The Senate Rules and Administration Committee has never called Dine to testify during his tenure as chief, which began in December 2012. Chairman Roy Blunt, R-Mo., and ranking member Charles E. Schumer, D-N.Y., have stayed quiet about disciplinary decisions. Senate Legislative Branch Appropriations Chairwoman Shelley Moore Capito, R-W.Va., and ranking member Brian Schatz, D-Hawaii, have expressed confidence police would work to prevent such incidents.
“I think it’s fair to say that I and others will not be understanding, accommodating or lenient if this happens again,” Schatz said during a recent interview.
House Administration Chairwoman Candice S. Miller, R-Mich., and ranking member Robert A. Brady, D-Pa., both seemed satisfied officers would not be leaving their guns unattended again. Dine told them he wanted to increase the penalty to 30 days of unpaid suspension. The department is also showing a training video at the gun ranges related to weapons handling in the bathroom.
Both declined to comment on what would happen to the three officers whose lapses prompted the training.
“That’s internal. The committee deals with external,” said Brady. “I’m going to let them deal with internal — as long as they’re dealing with it.”
Miller said Dine is under close scrutiny as part of a 90-day probationary period instituted by the Capitol Police Board in response to his letter of resignation. Miller said it would be “very interesting” to see what Senate Sergeant-at-Arms Frank J. Larkin and House Sergeant-at-Arms Paul D. Irving recommend.
Nugent, a former police officer and sheriff, said Tuesday he was sending a letter to Dine. Nugent said during an earlier meeting with the chief that the department does a “disservice” to its employees and to Congress by withholding information on internal investigations.
“I think we have a right to know as the public that you protect,” Nugent said in a July 15 interview. “You don’t release it because the [Capitol] Police Board doesn’t want it released. There’s no law. But … you’re saying, ‘It’s sensitive.’ That’s all bullshit. Other police agencies around the country release that stuff. Once the investigation is complete and adjudicated, it gets released.”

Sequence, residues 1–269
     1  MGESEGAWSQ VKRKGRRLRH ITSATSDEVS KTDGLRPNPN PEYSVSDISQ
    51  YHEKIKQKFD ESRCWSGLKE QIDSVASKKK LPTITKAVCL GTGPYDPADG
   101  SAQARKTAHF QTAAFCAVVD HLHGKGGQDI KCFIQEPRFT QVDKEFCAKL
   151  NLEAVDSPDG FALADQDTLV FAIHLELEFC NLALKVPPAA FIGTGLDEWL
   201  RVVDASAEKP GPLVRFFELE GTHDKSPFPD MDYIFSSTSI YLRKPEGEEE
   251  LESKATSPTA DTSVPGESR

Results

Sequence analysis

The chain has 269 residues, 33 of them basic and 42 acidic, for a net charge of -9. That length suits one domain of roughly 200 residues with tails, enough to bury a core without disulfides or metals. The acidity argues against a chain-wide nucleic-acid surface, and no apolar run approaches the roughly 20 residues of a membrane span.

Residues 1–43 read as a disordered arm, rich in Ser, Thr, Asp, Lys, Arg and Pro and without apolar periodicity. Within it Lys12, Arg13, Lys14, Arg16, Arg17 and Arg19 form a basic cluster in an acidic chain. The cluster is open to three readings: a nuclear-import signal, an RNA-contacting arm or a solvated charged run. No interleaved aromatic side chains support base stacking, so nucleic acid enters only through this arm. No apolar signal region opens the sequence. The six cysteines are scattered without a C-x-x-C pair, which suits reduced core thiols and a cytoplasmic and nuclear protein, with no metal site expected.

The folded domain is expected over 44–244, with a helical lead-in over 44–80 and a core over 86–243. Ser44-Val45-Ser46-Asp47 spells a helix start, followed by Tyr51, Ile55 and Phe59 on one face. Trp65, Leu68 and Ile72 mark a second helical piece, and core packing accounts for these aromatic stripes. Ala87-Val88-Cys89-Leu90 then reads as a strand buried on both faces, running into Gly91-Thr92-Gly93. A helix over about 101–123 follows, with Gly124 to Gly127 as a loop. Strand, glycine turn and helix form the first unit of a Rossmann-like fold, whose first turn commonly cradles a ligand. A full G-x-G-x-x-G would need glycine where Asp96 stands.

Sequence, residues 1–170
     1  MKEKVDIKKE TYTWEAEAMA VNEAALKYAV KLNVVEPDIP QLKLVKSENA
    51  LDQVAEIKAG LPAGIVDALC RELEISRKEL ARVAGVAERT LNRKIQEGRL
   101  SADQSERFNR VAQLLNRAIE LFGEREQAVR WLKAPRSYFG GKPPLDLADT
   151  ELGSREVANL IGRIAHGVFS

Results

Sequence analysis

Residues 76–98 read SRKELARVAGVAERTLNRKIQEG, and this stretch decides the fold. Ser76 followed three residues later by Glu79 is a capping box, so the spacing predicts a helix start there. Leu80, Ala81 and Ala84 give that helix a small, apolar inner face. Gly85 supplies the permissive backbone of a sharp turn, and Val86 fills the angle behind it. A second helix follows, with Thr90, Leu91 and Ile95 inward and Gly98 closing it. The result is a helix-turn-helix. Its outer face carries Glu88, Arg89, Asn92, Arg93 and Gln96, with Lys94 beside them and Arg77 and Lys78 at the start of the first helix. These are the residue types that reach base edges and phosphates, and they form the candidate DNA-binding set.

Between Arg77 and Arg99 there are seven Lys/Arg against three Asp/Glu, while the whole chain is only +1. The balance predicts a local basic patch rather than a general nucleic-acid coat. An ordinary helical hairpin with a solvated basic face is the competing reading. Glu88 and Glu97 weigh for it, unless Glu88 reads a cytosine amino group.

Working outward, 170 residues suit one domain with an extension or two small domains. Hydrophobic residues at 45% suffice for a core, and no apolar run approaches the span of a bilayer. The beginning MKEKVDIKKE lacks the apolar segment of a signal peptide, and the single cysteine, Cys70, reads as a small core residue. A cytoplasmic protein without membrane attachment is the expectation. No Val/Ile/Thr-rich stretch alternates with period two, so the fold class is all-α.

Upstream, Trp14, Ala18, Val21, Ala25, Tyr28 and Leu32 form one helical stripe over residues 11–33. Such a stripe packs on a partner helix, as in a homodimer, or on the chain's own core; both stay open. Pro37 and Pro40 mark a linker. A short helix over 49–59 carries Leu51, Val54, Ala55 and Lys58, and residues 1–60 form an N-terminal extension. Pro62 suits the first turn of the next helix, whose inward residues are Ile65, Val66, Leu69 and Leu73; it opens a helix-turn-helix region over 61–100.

In 2004, Roll Call discussed with Capitol Police General Counsel John Caulfield the department’s request to exempt itself from information sharing. Language added to an appropriations bill exempted Capitol Police from having to release to another entity any information “that relates to actions taken … in response to an emergency situation, or to any other counterterrorism and security preparedness measures” unless they determine releasing the information will not “jeopardize the security and safety” of the Capitol complex.
At the time, sources said Capitol Police could use the broad authority as a statuary justification for withholding information from the Office of Compliance. There was concern the move would shut down safety and health investigations the police deemed sensitive at a time when the OOC was probing allegations related to anthrax contaminations, failed evacuations and remediation of a red ants at outdoor kiosks.
Konczos said he thinks “a lot of these cases should be made public,” although he knows his opinion might not be popular among the rank and file. “Because members, staff, the public — they have a right to know. … You’re a public servant. You probably do lose some of your being anonymous.”